Galeti Tavas
Galeti Tavas
1 year ago
Reply to  Peter LR

90% of everything covid has been agenda first, ‘Science’ last. Nature Magazine would be proud.

Lennon Ó Náraigh
Lennon Ó Náraigh
1 year ago

The “Nature” article is not concerned with the United States in particular – it speaks in general terms about “the academy”. And yet the article calls for more inclusion of Black, Indigenous, and People of Colour in conservation ecology. Outside of the United States, Canada, and Australia, who are these Indigenous people? Who for example are the Indigenous people of the UK? Should the UK be more inclusive towards Anglo-Saxons? And what about those Norman interlopers?
This is yet another example of the USA exporting its culture wars – with comic effects.

Sharon Overy
Sharon Overy
1 year ago

Quite so. Indigenous to where?

In European countries, the indigenous peoples are white!

Christian Moon
Christian Moon
1 year ago

Are we sure it doesn’t stand for Black and Indigenous People of Colour, and therefore not indigenous people of whiteness?

Simon Denis
Simon Denis
1 year ago

Neo-Maoism continues its remorseless advance. You are quite right, Mr Carl, to reverence the achievements of Darwin and Galton which in no way depend on the falsehoods of prejudice. In the same way, Newton cultivated an interest in alchemy; this neither discredits nor even involves his authentic discoveries. Wagner, as everyone knows, cultivated some of the most unpleasant opinions around; this does nothing to reduce the grace and sublimity of his music. The work is one thing; the man another. You suggest these views are antiquated; perhaps among the fanatics and opportunists who infest the universities – not among the wider public and, above all, never in principle. Truth is never antiquated; rather its detractors are primitive. Sadly, the neo-Maoists are attempting to recall the days of superstition and heresy trials and are, for the moment, succeeding.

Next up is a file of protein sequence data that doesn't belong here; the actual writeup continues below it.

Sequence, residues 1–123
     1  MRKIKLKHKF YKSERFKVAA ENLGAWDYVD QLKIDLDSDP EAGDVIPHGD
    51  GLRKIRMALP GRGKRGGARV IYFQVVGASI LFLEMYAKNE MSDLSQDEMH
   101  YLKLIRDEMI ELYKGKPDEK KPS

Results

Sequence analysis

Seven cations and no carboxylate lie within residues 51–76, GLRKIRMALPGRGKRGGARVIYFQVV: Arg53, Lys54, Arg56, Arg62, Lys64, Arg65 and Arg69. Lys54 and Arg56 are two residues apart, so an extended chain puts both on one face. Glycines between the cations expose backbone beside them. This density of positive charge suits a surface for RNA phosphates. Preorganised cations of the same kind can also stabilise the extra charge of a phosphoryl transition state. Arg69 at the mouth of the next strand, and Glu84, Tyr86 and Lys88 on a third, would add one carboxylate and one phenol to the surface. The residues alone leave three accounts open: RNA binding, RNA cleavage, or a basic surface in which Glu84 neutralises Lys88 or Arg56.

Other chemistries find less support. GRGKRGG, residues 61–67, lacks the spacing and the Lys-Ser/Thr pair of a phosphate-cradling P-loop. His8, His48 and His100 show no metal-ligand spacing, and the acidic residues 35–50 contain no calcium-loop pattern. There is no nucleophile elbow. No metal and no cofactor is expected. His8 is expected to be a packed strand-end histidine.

Last edited 1 year ago by Simon Denis
Michael James
Michael James
1 year ago

Somehow many more think tanks and research instititions need to be established outside the traditional educational system, which is beyond hope.

Last edited 1 year ago by Michael James
Edward Jones
Edward Jones
1 year ago
Reply to  Michael James

Who will they be peopled by? Don’t they all come from the same brain-washing system? Is there anything outside the traditional system. You feel hopeless. I am bewildered.

Julian Farrows
Julian Farrows
1 year ago

I used to think that publications like Nature were misguided, perhaps trying too hard to be ‘inclusive’.
What I’m starting to see is this pattern of social justice activism is being duplicated everywhere: education. business, news media, politics, science, even the military and medical establishment. When all these facets of private and public life are in agreement of the same overarching ideology, you are in big trouble as a nation.
What we’re witnessing is the ‘externalization of the hierarchy’. Many people are waking up to the totalitarian ideology that is rapidly gripping the West. Much like any corrupt organization, once its leaders feel endangered by the general population they will tighten its grip on power. Notice how identity politics became prevalent after ‘Occupy Wall Street’. Social justice activism has made an unholy alliance with big business titans. What we are witnessing perhaps for the first time is a merging of the far-left with the far-right.

Ben Hekster
Ben Hekster
1 year ago
Reply to  Julian Farrows

The view of ‘left’ and ‘right’ as being polar opposites has always been incorrect: it has always a matter of power existing at the top vs. at the bottom. The proper analogy is a ‘U’ shape with both Left and Right close together at the top. The struggle is with us at the bottom, trying desperately to hold on to some power over our own existence.

J Bryant
J Bryant
1 year ago

Nature started as a single publication that, as the author noted, became arguably the most prestigious journal in science. Then about 20 years ago Nature said the volume of submissions had became so large it decided to create specialist subsidiaries, Nature Ecology & Evolution being one, Nature Genetics another. In my opinion that decision diluted the brand.
Now there’s a family of increasingly specialized Nature journals each obsessively interested in a narrow field of endeavor. I suspect the real reason for creating all these sub-journals was simply to make more money by trading on the Nature name. And that, I suspect, is why the journal is pandering to the current woke ideology–they want to be on the right side of history and reap the financial gains.